Ah, the gig lifestyle. You have freedom, independence, and a flexible schedule to boot. If only you could add a workplace retirement savings plan to that mix, life would be nearly perfect.
According to a poll conducted for Small Business Majority, four in 10 self-employed workers aren't actively saving for retirement. Some 38% of these solo entrepreneurs said they're not saving because they don't make enough. And another 31% admitted to not saving because of unpredictable income.
Saving is hard, particularly when you don't have access to a plan that takes pre-tax money right out of your regular paycheck. But if you plan on retiring at some point, you need to do the work of saving. Here's how self-employed folks and gig workers can get it done.
1. Set your expectations on retirement timing
The timing and length of your retirement dictate how much you'll ultimately need to save. Your gig may not be physically demanding, which might have you thinking you can work forever. But health issues can get in the way of that plan. It's always better to plan conservatively because you don't know how long you can work, or even how long you'll live.
According to the Social Security Administration (SSA), the average life expectancy of a 65-year-old man is 84. A 65-year-old woman can expect to live until she's 86.5. But the SSA also estimates that one in three 65-year-olds today will live past 90 and one in seven will live past 95. If you live a healthy lifestyle, you should prepare for the 95-year plan.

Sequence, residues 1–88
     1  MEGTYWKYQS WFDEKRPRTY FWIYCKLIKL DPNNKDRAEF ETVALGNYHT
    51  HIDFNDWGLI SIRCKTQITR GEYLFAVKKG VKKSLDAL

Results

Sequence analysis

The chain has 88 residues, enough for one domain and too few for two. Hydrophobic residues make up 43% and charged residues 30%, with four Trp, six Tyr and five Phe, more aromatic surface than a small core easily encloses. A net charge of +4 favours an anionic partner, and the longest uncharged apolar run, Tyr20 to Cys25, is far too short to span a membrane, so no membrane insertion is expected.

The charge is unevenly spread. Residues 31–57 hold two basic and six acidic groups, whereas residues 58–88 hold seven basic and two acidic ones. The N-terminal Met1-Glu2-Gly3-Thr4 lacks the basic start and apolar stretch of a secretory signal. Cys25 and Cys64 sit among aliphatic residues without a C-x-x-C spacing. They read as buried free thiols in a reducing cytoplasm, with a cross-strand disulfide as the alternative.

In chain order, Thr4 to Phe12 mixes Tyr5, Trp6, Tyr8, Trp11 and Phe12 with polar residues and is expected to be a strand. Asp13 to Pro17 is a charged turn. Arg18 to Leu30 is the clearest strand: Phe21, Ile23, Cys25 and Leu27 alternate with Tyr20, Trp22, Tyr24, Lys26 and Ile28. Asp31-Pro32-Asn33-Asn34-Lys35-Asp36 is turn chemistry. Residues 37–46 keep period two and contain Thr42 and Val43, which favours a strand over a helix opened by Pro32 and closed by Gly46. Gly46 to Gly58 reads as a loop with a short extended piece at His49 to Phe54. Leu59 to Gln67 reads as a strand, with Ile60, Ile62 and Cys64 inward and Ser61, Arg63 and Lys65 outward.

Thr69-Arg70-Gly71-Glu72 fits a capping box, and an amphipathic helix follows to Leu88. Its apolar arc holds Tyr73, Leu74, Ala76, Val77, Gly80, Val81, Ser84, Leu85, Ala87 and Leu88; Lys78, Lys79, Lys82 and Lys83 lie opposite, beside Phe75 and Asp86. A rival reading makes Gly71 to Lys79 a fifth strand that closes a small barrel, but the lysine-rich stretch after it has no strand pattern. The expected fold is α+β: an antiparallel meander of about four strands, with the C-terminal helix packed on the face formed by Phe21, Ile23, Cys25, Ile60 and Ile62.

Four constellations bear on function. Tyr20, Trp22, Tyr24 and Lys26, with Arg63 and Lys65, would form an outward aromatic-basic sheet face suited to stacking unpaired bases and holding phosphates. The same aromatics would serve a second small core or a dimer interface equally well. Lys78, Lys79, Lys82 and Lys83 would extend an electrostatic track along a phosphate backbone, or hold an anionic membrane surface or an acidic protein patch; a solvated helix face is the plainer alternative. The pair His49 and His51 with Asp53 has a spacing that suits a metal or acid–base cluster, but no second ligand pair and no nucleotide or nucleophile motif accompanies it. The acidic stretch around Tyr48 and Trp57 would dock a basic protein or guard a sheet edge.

You can do that by tucking away savings now and watching them grow over time. If you end up working past the traditional retirement age, great -- that'll maximize your savings. Say you can manage to set aside $200 monthly and invest it to earn an average of 7%. In 10 years, you'll have about $35,000. In 20 years, you'll have about $105,000. And in 30 years, your balance will be $245,000. See how that works? The more time you have, the easier it is to amass larger sums of money.
Granted, those numbers aren't going to fund a champagne-and-caviar retirement. But having that nest egg gives you more flexibility to cut back on your working hours much sooner than if you hadn't saved at all.
If you have a target date in mind for partial or full retirement, use an online savings calculator to run the numbers. Assume you're setting aside as much as you can each month, and see how the balance grows over time. What you'll find is that you're always better off starting your retirement savings today -- even if it feels like your budget will be tight.
2. Choose a tax-advantaged plan
If you save for retirement in a tax-advantaged plan like a traditional IRA, Roth IRA, or Solo 401(k), your investments grow tax-free. And the impact of that can be significant. If you save in an account that doesn't allow for tax-free earnings, you'll owe taxes each year on any cash dividends and realized profits.
In return for the tax perks, there are limitations on how much you can contribute and when you can withdraw the money. As a general rule of thumb, you should consider your retirement savings off-limits until you reach age 59 1/2. Otherwise, you could face tax penalties for early withdrawals.